“Phillip! Geez! Give the guy a break, he just got here.” Junior said pushing his younger brother a little. He turned to me and said “Sorry, he can be annoying. Welcome to our house.”
“Thanks.” I said with a small smile. The smile slid away, though, as I confirmed my suspicions.
The house was not completely clean but it was not dirty either. It was…lived in. Games and toys were strewn about the dark laminate wood flooring of the front room. Two light tan well-used couches were pulled together toward a coffee table in the middle of the room. The set-up spoke of hours of games and family time spent together. The cushions were firmly indented by those hours and light stains created a pattern across the couches. Two cans of soda and two plates with remnants of dinner were still on the coffee table. The walls were covered with photos of Nick, Sarah, Junior and Phillip in various places. Nick and Sarah’s wedding, Baby pictures of both boys, birthday parties at the park, riding bikes, coaching the boys at baseball, Nick and Sarah at the lake and in the mountains. A family. They were a unit and I didn’t fit. I was an invader and sooner or later they would figure that out.
Then what? What would they do with me? Would they get rid of me like an unwanted dog? Would they try to trade me back? Or would they put up with me until I grew old enough to get out of their house?
We walked through the house, Sarah and Nick and the boys showing me different things, but I barely heard any of it. Tears threatened and I had to fight them because weakness is not something you show; you hide that and keep it locked away. If they kicked me out I would survive and move on. Maybe I would move on before they had the chance.
We made our way up the stairs with a quick look at Nick and Sarah’s room, and each of the boys’ rooms and came to the end of the hall.
“And this is your room.” Nick said
My room. I don’t even have a memory of having a space to myself. Ever. There have always been others to share with, large rooms with multiple beds, or small rooms where a few of us shared beds, but never my room. I looked around at a couple posters of baseball players and a fishing rod hanging on the wall. There was a large bed sitting against the light blue wall with a dark brown headboard and bookshelves on the sides. The brown laminate floors had a navy blue carpet with a large NY written in the middle. There was a large dark wooden dresser that matched the floors and the bed with a baseball sitting on top and a desk (the same color) over toward the window.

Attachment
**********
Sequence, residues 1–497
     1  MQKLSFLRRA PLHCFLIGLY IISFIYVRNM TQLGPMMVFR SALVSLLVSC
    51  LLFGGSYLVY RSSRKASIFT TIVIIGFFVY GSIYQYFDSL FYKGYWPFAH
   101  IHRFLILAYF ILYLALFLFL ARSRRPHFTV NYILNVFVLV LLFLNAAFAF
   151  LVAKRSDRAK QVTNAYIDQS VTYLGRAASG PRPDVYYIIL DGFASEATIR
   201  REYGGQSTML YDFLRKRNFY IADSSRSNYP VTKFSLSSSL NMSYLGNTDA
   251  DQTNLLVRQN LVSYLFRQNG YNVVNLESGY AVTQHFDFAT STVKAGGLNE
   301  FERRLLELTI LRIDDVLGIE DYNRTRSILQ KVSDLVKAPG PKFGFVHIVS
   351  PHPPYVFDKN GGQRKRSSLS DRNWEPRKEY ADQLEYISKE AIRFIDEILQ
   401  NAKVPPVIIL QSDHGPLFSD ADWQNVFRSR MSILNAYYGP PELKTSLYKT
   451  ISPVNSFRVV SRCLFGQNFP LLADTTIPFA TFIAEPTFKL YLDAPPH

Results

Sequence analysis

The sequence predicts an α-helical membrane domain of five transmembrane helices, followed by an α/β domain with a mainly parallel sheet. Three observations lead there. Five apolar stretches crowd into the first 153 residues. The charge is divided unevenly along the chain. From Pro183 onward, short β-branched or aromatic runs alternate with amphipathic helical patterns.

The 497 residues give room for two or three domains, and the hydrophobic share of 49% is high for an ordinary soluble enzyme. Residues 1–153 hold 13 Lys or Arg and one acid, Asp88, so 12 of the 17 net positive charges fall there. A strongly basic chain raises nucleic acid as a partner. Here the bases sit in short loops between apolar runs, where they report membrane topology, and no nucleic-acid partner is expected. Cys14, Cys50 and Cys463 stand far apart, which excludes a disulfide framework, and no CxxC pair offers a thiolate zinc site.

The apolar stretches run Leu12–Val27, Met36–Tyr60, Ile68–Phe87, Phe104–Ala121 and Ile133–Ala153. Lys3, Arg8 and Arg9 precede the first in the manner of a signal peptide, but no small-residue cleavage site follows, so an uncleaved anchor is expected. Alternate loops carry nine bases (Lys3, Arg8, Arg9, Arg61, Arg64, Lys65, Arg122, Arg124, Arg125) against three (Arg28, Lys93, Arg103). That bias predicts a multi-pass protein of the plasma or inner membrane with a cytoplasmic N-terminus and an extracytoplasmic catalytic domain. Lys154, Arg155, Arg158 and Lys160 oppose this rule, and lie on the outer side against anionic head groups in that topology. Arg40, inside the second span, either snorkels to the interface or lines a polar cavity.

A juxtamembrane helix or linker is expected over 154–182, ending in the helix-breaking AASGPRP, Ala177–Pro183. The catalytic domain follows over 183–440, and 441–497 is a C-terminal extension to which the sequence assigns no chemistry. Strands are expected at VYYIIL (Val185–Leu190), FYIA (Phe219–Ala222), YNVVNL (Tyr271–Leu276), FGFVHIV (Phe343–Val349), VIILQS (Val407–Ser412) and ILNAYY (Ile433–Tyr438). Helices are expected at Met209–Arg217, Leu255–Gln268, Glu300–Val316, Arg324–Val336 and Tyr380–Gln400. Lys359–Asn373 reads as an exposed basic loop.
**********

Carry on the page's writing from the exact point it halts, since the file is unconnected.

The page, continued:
“We helped decorate!” Phillip almost shouted. “We love the Yankees so I picked the rug, and the baseball is Junior’s but we have lots of them if you want your own. And we just got the dresser and bed today.”
Nick picked up Phillip and patted his back and turned to me with a smile.
“We hope you’ll like it here.” He said
Maybe I will…Maybe I do fit here. All I could do was smile.
Part I of Norm’s story. Follow his life as he adjusts to new surroundings and challenges.
The New Family
I ran and leapt toward the top of the old brick wall and scrambled over just as a shot burst through the gray concrete block, shattering it beneath my hand. Thrown off balance, I fell sprawling on the rough pavement below. Already, blood had been flowing into my eyes from the gash in my head, as I hit the pavement, I could feel the pain as it ripped through my cheek. I turned back as I heard Junior jump toward the top of the wall and struggle to get a grip. I thought jumping the wall might help me a little. Maybe create a delay. At eleven years old, Junior was not a tall kid and the height of the wall might have provided a couple of minutes. It looked like those minutes were reduced to seconds. Junior grabbed a handhold on the brick he just shattered at the top of the wall. The lamplight gleamed off the barrel of his gun as he hooked his elbow over the top of the wall and began to pull himself up. He got to his feet at the top of the wall and took aim.
What the hell? Hopping to my feet, I began to run like death was at my heels, because, really, it was. I still couldn’t believe this was happening. The family seemed so nice. I thought that, this time, I had found what I was looking for. After all the crappy families I had to deal with, I thought I had finally found the normal, storybook family that would take care of me.
“Norm, you son-of-a-bitch, I’m gonna kill you!” Junior shouted as another shot rang out. I have no idea what he was shooting at because I didn’t hear it strike anywhere near me. “This is your fault!”
As I dove behind a car, I thought: Maybe he didn’t see where I went. It was a wish and I knew it. I just wanted this to be over. I wanted to get out of here and find a road and leave this crazy kid and this messed up family behind. I was done with all this shuffling around and never knowing if I was going to end up beaten, used up or just dead. I’m fourteen! I shouldn’t have to deal with all the crap in my life. I didn’t ask for this! I have had too many–
The sharp metallic twang of lead hitting steel sent an electrifying jolt up my back. I looked at the bumper, not even a foot from my head, and saw the smoking dent left by the impact of the bullet. No more time for self-pity. Junior was flailing to keep his balance as the rebound of the shot unsteadied him. It was only by luck that he didn’t keep his footing. He fell backwards with a scream. Rage covered his face as he toppled to the other side of the wall; a rage very different from the look of awe and hope that I had seen on his face when I first arrived.